Environment Dictate Your Tactics

    If you’re more tired, you can often use more trenches. If you’re in a competition, the clock is there. You have to be faster. So move, don’t stop. But if you’re rolling around, then there’s no time limit.

    Wrestling Vs. Jiu-Jitsu

    He says the attitude of wrestlers towards sports is more aggressive. They’re more like fighters. And that’s why they build more MMA fighters these days because their work ethic and everything else is way bigger.    They can’t rest in that system. They work, work, and work. He says so many aspects of wrestling actually transfer it. So, the panda position would be like, sit out. And in wrestling, they practice it a lot. They do referee positions a lot, but there are statistics of escaping the referee position to stand up to neutral to gain one point is over 50%.

    IBJJF Competitions As A Perfect Environment For Turtle To Thrive

    Priit says that IBJJF competitions could be a perfect environment for Turtle Position to thrive. It’s because that’s one way to avoid three points. So people should figure out very fast how to avoid the guard passes called the Turtle. People get an advantage to get back to guard, and when the benefit is back, it’s easier to win advantage back and than the three points. But, weirdly, we don’t see that used in Jiu-Jitsu.

    Boxing vs. Jiu-Jitsu

    He says in Jiu-Jitsu, we teach too many crazy combinations that we have never seen enough in a fight happening or a mid to high-level sport. It’s because people run out of techniques very early, and the sweeps have to get crazier and crazier. He suggests keeping open guard and still doing the same move.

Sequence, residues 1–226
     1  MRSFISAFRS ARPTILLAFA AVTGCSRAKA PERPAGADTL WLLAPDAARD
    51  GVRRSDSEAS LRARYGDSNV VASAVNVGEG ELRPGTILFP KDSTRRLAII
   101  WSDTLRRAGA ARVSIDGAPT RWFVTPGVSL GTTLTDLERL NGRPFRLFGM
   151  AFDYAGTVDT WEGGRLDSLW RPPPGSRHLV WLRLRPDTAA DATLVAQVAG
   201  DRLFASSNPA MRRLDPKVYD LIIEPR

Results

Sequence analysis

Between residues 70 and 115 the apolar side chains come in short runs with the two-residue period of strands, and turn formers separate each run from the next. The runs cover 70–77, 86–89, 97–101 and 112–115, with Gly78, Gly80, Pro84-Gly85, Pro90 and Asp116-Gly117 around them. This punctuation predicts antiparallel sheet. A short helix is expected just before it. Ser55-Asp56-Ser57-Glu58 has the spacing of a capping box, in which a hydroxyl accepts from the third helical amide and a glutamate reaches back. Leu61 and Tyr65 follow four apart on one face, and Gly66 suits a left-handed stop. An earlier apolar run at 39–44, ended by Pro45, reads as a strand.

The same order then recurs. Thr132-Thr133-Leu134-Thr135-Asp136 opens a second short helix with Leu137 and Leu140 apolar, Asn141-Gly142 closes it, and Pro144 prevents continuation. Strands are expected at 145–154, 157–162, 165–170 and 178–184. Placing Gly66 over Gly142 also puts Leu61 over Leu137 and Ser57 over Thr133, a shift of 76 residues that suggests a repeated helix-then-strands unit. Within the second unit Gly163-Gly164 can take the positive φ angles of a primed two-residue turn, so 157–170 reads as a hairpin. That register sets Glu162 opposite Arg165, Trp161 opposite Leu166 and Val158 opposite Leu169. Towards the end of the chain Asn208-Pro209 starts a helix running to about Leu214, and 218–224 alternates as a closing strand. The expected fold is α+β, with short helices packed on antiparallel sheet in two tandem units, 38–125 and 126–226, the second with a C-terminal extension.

Work Yourself Around The Head

    If you’re a black belt and training with a white belt, then basically, the right thing to do would be the armbar. You want to do a far side armbar. You would start from the nice light position, like having the ankle trap, in the legs, pulling the arm, and you have to work your leg out from knee slides and around the head and do the armbar. 

    Teach Defense To White Belts To Stop Them From Being Disinterested

    He supports his statement by saying that if you take boxing, from where would you start your punches? You wouldn’t go like just jab and cross. Usually, you do defence, and then you move around and throw a punch. It’s very logical in that sense. So in Jiu-Jitsu, there are two ways to start Jiu-Jitsu:

    One is that you can teach people how to dominate people in mount against people who don’t know how to win and make mount escapes. And you’ll definitely have better success of keeping them there because they don’t know escapes. You have to teach them to escape to know something about defence.

    Another is not to show the mount position. Because the mount is the worst position in a fight, you can end up. Somebody mounts you, and you can get out. So, the mental win is better. They don’t know that they can squeeze however they want, but you can actually escape the mount.

    Show Notes

    Quotes

    “It’s fun to try defence when you lose.”

    – Priit Mihkelson

    “If you cannot survive your beginning years, then Jiu-Jitsu will be super hard because you get submitted to left and right and you’ll have no clue why.”

    – Priit Mihkelson

    “Teach defence to white belts to stop them from being disinterested.”

    – Priit Mihkelson

    Guest Links

    https://www.defensivebjj.com/

    https://www.youtube.com/channel/UCOlEFbjW90lu5sSiMu2ZqIg

    https://www.bjjglobetrotters.com/category/videos/instructors/priit-mihkelson/

    https://bjjfanatics.com/collections/all/fighter_priit-mihkelson

    https://www.instagram.com/jitsvulcan/?hl=en

    Priit Mihkelson Interview